Car reviews - Seat - Ibiza - CLX 5-dr hatch
Styling, cabin space, economy, handling
Room for improvement
Parts and servicing can be expensive 1.4 engine isn't a powerhouse no auto option
25 Jun 2003
THE release of the SEAT Ibiza, Cordoba and Toledo model range in November, 1994, marked the Spanish manufacturer's introduction to Australia. Although SEAT was new to Australia, it is a long established company owned by the German Volkswagen/Audi Group.
The Ibiza, Seat's contender in the small car sector, was sold as either a three or five-door hatchback.
Many of its underbody components were shared with the well known and respected Volkswagen Polo and in some areas it was a better car than the established players.
SEAT advertised the Ibiza as a blend of German engineering and Spanish flair but it was a slow seller during the first half of 1995.
This was partly due to SEAT being a new player on the Australian market but the main reason was an uncompetitive price in the hotly contested small-car market.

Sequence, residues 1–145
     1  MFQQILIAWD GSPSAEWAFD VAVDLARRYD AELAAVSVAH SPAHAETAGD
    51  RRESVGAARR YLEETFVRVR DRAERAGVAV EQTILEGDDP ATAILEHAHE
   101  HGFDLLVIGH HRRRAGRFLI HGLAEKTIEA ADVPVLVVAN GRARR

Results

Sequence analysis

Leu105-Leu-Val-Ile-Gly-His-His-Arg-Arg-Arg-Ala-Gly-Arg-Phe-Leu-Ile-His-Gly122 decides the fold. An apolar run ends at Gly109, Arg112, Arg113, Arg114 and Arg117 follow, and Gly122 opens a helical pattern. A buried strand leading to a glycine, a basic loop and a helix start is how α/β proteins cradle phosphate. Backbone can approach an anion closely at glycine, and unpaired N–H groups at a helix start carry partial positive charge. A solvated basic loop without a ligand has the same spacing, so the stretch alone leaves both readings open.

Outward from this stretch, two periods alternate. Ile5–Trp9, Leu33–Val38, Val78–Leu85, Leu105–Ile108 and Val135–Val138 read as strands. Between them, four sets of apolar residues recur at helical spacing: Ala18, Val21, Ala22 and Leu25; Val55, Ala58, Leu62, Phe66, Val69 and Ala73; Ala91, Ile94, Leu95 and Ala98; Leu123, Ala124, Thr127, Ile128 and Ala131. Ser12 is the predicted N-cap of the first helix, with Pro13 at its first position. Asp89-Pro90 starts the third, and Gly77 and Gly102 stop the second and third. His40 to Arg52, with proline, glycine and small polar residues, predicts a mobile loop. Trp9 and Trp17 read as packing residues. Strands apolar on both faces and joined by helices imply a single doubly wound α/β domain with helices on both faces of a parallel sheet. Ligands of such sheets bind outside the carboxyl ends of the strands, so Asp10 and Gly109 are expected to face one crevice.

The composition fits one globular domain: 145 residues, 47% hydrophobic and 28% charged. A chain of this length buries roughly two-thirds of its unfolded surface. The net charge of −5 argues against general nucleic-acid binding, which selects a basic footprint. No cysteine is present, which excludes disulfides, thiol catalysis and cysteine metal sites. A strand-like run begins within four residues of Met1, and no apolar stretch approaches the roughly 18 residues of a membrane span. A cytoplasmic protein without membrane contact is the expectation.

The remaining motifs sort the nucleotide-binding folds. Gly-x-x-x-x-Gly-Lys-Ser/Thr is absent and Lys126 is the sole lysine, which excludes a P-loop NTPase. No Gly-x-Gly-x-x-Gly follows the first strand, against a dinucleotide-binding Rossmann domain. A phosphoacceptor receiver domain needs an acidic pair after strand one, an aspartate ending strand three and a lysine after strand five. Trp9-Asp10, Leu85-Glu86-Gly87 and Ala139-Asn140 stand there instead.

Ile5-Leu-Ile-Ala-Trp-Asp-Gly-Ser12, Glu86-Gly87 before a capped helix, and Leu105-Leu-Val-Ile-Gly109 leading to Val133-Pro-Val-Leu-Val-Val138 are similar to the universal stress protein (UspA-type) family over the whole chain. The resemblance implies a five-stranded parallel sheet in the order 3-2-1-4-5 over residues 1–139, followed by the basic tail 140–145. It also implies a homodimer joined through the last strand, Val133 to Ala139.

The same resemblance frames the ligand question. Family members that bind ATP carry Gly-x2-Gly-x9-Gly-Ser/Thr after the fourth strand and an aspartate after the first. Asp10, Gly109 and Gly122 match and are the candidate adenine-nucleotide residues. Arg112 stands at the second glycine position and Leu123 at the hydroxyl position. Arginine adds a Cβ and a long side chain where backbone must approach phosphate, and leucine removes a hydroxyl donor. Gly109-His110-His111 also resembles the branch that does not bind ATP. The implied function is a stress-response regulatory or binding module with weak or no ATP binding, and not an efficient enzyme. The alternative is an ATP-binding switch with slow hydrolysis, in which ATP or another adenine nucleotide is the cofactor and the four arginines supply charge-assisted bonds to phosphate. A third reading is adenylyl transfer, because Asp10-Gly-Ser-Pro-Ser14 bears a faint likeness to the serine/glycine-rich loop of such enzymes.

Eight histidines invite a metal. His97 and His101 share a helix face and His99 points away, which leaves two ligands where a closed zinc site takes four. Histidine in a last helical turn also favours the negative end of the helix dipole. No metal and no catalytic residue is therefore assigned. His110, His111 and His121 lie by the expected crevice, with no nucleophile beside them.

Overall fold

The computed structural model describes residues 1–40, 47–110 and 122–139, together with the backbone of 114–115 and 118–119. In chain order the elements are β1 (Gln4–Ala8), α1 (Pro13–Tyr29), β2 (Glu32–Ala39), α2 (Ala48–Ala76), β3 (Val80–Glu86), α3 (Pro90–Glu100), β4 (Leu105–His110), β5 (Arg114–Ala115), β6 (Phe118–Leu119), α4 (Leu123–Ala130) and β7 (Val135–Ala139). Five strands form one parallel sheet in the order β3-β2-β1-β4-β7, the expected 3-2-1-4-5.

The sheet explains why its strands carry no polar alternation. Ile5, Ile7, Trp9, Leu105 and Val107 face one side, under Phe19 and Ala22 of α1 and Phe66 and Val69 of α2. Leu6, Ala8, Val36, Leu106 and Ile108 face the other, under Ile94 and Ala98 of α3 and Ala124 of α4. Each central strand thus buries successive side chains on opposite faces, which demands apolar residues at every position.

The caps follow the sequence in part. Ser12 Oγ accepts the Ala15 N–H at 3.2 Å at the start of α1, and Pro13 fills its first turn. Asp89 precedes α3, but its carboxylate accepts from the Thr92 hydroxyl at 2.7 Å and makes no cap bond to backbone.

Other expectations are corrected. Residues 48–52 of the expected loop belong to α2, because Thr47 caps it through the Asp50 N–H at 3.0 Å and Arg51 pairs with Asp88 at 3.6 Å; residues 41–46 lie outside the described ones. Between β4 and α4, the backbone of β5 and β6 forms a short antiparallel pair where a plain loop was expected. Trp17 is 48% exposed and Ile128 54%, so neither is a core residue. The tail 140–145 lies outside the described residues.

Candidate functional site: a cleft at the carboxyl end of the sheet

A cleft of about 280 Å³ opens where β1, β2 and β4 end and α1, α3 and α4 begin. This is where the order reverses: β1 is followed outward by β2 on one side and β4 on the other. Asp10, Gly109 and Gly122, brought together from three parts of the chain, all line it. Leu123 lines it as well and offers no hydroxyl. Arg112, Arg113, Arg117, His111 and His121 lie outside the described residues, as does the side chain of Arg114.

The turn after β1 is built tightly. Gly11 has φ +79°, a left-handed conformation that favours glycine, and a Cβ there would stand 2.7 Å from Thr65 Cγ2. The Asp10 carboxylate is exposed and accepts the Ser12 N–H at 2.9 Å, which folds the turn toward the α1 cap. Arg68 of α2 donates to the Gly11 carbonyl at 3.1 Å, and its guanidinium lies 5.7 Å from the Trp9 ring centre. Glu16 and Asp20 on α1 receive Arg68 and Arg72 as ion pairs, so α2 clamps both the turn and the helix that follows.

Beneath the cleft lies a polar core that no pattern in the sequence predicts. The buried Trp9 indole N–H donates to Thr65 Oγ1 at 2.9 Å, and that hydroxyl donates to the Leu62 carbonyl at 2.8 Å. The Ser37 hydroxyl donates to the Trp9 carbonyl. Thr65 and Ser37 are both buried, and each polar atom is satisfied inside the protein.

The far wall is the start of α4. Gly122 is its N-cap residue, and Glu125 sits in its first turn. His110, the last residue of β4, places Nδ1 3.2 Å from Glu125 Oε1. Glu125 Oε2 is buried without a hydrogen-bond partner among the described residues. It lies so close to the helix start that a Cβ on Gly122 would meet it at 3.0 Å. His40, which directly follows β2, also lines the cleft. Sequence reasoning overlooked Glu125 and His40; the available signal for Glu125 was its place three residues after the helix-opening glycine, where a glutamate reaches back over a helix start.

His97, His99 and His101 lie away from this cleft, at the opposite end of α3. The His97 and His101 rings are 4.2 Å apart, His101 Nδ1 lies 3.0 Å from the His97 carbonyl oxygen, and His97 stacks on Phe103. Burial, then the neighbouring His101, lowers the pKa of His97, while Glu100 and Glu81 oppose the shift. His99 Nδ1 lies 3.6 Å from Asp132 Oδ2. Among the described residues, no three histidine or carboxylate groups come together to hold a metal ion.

A hefty price cut in mid-1995 made it a much more attractive buy.
The five-door CLX was competitively equipped with a six-speaker AM/FM radio/cassette, tachometer and remote exterior mirror adjustment.
Power steering and air-conditioning were optional equipment while a driver's airbag was added to the options list in 1995.
The longer than average wheelbase made for good interior space with adequate head and knee room for rear seat passengers and a decent sized boot. The rear seat back can lay down flat to carry extra luggage.
The Ibiza is powered by a four-cylinder, 1.4-litre engine with a single overhead camshaft, two valves per cylinder and single point fuel-injection.
The power output is a barely adequate 44kW at 5000rpm although it does have a reasonable torque output - 107Nm at 2800rpm - with less engine noise than its competitors.
The suspension uses MacPherson struts and coil springs at the front and a torsion beam axle with trailing arms and coil springs at the rear.
Add some European expertise, wider than average tyres and wheels and the result was a new benchmark in ride quality and noise suppression for the small car class with comparatively good handling and steering.
SEAT backed the Ibiza with a three-year/60,000km warranty and 24- hour roadside assistance with service intervals of 15,000km or one year to minimise running costs.
The Ibiza would probably have been much more successful in Australia if the price had matched the opposition when it was first released.
This was its only fault so anyone looking for a car that stands out from the South Korean and Japanese crowd will find it worth a look.
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